Executive C 1664-1734). Quary was Surveyor General of Customs installing James Leigh or Lee collector of
Her Majestie’s customs in Pamtico & Neuse Rivers by London commission dated 2 November 1703. Leigh’s
oath of office was administered before Christopher Gale in Bath 16 November 1704.
Bath and Albemarle merchants also imported and re-exported finished goods or lumber and commodities like
pork, beef, whale oil, tallow, and salted fish to rural merchants in other colonies and in the British West
Indies…(Port Roanoke and Port Bath shipping records, NCSA) and they did so by both receiving and extending
credit (examples below). Credit fueled sales and bartering of commodity pork and beans, lumber, staves, and
cypress shingles combined with land o’ the long leaf pine naval stores, (tar, rosin, turpentine) often without any
pieces of eight tendered, or at least limited, silver or gold moneys outlaid. Correspondence from key
government officials of the era elaborate on this as well as writings by naturalists John Lawson and John
Brickel, and writings by missionaries from the SPG, Society for Propagation of the Gospel in Foreign Parts.
Conclusions about Carolina and Bath merchants and financing their transactions
Enterprising provincial leaders used their European connections to tap into networks of credit from England,
Scotland, Ireland and other West Europe investors, even in isolated rural areas. Not surprisingly, extending
debt meant collecting debt, so Higher Court Records reveal a great deal of trouble taken by foreign and regional
merchants to attempt to recover debt from smaller merchants and individuals.
More examples appear in twenty 1706 NC Higher Court cases with above mentioned plaintiff Micajah Perry
of London in partnership with the Pensylsvania Company (co-owned by Col. Robert Quary) and represented by
Nicholas Peterson of Albemarle. The twenty were debt defaulting merchants and individual furtraders…four at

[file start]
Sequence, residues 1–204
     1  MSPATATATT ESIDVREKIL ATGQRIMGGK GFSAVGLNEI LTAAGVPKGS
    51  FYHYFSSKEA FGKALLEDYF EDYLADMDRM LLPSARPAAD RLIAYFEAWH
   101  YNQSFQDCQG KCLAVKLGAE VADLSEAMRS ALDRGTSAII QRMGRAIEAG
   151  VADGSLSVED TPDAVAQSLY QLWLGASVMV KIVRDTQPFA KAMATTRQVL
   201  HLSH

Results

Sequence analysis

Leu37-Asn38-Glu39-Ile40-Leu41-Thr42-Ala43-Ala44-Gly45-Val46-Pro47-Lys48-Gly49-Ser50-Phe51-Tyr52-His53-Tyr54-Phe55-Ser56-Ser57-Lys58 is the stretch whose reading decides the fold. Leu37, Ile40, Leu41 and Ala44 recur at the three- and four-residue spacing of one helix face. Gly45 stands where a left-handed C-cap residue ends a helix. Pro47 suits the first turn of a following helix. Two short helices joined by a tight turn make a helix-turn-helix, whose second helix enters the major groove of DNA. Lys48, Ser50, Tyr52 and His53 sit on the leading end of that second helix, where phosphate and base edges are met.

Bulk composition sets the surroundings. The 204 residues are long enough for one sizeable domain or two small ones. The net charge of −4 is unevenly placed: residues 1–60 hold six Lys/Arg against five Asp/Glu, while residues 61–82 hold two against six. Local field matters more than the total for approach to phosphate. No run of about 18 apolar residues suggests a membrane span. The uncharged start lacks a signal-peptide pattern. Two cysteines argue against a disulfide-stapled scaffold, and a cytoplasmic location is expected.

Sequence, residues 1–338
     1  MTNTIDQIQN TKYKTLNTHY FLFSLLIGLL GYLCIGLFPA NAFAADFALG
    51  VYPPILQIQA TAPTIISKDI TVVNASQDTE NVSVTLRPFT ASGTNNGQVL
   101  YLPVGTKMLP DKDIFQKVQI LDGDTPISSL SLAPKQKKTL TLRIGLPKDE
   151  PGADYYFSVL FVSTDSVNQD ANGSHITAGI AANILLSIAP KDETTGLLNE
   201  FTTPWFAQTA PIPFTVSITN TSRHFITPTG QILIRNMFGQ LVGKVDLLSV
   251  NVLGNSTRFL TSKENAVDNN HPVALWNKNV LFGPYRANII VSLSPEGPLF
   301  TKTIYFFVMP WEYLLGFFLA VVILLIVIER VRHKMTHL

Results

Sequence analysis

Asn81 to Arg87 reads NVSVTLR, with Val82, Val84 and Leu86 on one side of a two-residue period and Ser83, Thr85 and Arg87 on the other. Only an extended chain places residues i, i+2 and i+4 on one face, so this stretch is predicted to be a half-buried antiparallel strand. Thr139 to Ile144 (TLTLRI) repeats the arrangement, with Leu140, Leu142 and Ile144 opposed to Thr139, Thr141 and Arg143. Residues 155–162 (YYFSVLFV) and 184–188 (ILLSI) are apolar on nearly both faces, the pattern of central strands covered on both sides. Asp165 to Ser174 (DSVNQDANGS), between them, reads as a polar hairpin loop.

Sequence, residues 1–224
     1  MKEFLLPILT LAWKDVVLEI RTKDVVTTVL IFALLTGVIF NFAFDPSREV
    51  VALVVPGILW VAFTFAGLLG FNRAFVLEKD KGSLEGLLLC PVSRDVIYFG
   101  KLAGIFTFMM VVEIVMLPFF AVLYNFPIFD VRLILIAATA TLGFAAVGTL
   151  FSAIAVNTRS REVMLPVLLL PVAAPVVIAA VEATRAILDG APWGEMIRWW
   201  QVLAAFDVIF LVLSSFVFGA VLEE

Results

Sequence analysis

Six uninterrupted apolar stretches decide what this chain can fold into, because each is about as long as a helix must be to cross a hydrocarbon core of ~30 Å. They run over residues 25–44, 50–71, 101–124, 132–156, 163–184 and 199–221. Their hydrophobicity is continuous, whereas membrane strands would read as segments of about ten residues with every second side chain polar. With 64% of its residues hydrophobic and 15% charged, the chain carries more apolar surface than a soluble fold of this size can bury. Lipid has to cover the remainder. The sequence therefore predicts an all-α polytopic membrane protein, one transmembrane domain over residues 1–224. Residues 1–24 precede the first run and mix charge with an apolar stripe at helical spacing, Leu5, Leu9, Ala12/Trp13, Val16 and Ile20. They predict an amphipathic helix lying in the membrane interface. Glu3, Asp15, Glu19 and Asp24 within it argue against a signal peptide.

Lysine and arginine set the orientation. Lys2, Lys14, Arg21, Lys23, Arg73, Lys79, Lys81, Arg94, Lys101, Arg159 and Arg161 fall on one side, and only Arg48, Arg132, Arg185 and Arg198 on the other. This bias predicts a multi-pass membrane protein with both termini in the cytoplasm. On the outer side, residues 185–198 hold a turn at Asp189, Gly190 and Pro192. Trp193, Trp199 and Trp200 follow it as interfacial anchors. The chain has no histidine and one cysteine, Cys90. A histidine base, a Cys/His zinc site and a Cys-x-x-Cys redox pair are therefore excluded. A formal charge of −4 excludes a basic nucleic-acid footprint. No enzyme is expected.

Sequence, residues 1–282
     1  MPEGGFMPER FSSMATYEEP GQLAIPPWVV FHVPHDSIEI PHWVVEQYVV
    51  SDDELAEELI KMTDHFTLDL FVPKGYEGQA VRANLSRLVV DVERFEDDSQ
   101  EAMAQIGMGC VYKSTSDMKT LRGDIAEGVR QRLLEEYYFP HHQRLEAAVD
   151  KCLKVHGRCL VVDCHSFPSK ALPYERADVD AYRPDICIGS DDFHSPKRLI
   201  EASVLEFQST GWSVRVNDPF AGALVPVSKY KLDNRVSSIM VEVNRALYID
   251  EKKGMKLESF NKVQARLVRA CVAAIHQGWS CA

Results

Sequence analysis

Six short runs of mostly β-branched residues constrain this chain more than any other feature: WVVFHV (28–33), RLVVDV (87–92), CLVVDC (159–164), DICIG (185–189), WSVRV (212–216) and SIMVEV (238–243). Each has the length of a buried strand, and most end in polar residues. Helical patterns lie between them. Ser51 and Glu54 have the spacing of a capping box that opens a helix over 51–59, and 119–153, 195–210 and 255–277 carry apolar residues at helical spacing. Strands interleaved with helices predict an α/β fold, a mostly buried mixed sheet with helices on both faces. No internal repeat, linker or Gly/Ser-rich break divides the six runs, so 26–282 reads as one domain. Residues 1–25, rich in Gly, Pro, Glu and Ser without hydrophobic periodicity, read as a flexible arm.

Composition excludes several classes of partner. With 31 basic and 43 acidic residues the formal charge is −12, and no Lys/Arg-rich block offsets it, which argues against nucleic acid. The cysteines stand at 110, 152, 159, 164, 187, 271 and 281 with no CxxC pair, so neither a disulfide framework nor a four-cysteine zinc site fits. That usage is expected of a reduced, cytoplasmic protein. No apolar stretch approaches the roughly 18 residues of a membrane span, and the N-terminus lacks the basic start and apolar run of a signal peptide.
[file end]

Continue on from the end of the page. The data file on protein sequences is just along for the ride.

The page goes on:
least of the twenty were from Bath, (Daw, Fraley, Lawson and his father in law R. Smith, noted with *).
Andiver, Thomas, v, Armour, William, v. Barr, Robert, v. Brother, William and Sarah, v. Collins, Thomas, v.
Bishop, John, v. Davis, Samuel, v. Daw*, Nicholas, v. Fraley*, William, v. Hewett Bartholomew, v.
Holmes,Thomas, v. Keele, Robert, v. Kingly, George, v. Lawson*, John, v. Meads, John, v. Peggs, Joseph,
v.Rice, v. Smith*, Richard, v. Wayman, Christopher, v. White, Robert, v. Willoughby John.
Colonial Carolina merchant debt default was common. For example, on the March court docket 1706 forty
percent of the attachments from the past October session, 6 of 15, were debt cases. Of the March Court almost
sixty percent, 25 of the 42 cases, were debt cases, many of the defendants receiving attachments against their
estate. Most of the plaintiffs were merchants but interestingly two of the 1706 cases were filed by a local
doctor, one James Feillett, who was collecting commodities in lieu of payment for services “for medicines,
phissick visits and Attendance”, for example a request of five pounds half in porke and the other halfe in
corne” with ten pounds damages. In another case John Jenings Defendant was billed 21.5.0 for services payable
in commodities and the suit also asked for 42.10.0 damages. The jury found for the plaintiff fifty shillings plus
the defendant had to pay 4.10.0 court costs.
Limitations to this chapter’s closer look at trade practices
There are no extant 1700-1730 official customs shipping records for Port Bath. Surviving land and merchant
transaction records are used as they appear in colonial proprietary old Bath/Beaufort County records or state
colonial record archives. They are not inclusive of all sales transactions whether personal, business or charitable
in nature so only serve as a snapshot.
It is assumed that 100% cash sales with immediate payment in full may not be recorded for plantation, farm or
household transactions although for merchant transactions and bond posting before port clearance and setting
sail a higher percentage would be expected to be recorded. Also this study did not have the benefit of any 1700-